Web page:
covercovercoverBut a person can’t just die on the floor for their whole week, and so I have developed ways to cope. Over the years, I have compiled a list of writers who are the literary equivalent of an instructor patting me on the shoulder and promising me that the process is nothing but a complete riot from start to finish. I read them before I have to start, and it reassures me to an unbelievable degree. Sometimes specific essays or poems or profiles, sometimes a certain paragraph from a novel, other times the whole book. This is just off the top of my head, but for a while now I have relied on the following: John Jeremiah Sullivan’s profile on Bunny Wailer, Jo Ann Beard’s “The Fourth State of Matter,” the second third of A Brief History of Seven Killings, George Saunders’s “Victory Lap,” Junot Díaz’s The Brief Wondrous Life of Oscar Wao (all of it, but especially the bits about Beli), Masande Ntshanga’s “Space,” Miriam Toews’s Irma Voth, Frank O’Hara’s “The Day Lady Died,” the first section of Derek Walcott’s “The Schooner Flight,” the ending of Lucky Jim (the whole thing, but especially “As a kind of token, he made his Sex Life in Ancient Rome Face”), the very end of Blood Meridian. Most recently: Molly Young’s profile on Amanda Chantal Bacon, Elif Batuman’s The Idiot, and Patricia Lockwood’s Priestdaddy. Always: Denis Johnson. I have never figured out how a Denis Johnson story works, what the trick is, or if the trick even exists. I don’t know why I think about “Two Men” once a day, at least, or why every single time I go into a hospital I am just about overcome with the desire to relay the plot of “Emergency” to whoever is in the lift with me. I do know, though, that whenever I read him, I feel that the problem of starting is not really a problem at all. Just start. Just be Denis Johnson and make it seem like you tipped forward a bit in your seat and the whole story just fell out of your brain and onto the page. Just get going.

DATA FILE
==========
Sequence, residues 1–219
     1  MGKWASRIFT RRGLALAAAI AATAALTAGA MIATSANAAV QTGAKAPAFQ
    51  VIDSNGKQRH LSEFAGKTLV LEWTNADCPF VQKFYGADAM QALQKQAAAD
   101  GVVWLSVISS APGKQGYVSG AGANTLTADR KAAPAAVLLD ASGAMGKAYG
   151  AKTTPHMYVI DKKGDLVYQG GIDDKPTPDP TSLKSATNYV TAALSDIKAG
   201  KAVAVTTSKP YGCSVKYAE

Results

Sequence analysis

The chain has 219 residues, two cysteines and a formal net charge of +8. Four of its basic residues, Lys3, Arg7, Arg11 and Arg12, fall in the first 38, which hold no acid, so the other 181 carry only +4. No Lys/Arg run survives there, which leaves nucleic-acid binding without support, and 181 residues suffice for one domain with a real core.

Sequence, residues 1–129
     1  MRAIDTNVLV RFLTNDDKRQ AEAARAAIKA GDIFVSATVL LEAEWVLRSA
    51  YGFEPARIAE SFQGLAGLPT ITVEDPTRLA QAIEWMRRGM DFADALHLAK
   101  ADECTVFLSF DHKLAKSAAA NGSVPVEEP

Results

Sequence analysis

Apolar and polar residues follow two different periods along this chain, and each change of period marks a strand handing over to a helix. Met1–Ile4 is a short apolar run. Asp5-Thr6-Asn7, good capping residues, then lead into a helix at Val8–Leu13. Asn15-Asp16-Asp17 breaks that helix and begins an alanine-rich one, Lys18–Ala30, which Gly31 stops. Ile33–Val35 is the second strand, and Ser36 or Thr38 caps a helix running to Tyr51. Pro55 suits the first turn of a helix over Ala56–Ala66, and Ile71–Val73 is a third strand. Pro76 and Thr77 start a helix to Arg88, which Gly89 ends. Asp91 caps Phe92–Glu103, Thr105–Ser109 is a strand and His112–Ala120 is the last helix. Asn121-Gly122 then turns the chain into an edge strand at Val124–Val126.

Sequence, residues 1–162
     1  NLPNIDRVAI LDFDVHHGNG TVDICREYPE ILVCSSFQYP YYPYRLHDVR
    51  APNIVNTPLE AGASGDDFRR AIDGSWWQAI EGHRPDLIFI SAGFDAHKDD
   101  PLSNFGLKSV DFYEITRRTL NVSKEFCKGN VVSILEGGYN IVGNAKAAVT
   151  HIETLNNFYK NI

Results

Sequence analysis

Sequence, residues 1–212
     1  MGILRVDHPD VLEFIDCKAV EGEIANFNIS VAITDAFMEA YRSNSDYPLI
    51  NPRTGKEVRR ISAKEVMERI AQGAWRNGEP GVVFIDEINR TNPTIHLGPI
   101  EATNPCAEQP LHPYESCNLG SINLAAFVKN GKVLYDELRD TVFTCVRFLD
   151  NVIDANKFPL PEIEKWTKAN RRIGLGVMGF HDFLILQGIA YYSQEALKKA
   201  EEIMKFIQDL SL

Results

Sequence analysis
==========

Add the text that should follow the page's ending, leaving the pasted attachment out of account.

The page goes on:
It’s not that I want to write like these people, or that I could even hope to try. It’s that they make me feel better, in the way that reading, say, Franz Kafka, does not. Kafka, whose every word assures me that writing is a terrible torment, and that it kills you off early. Kafka, febrile, writhing and twisting about in a chair that he purchased precisely because it was uncomfortable, his leaden fingers gripping his slightly broken fountain pen. The pen is made out of iron and holding it makes his fingers smell like the railings of a cold bus. The room is icy. I understand how Kafka’s agony would make a certain class of stoical person feel better about her own writing-related tortures. I am not one of these people. I need to be buoyed. I have no idea whether any of the writers on my list actually find the process to be enjoyable or not, but I read what they have written and I believe in my heart that they are having the time of their lives. They are driving up and down hills very fast, and their favorite song is playing on the radio. They have no trouble starting at all.

Image Credit: Wikimedia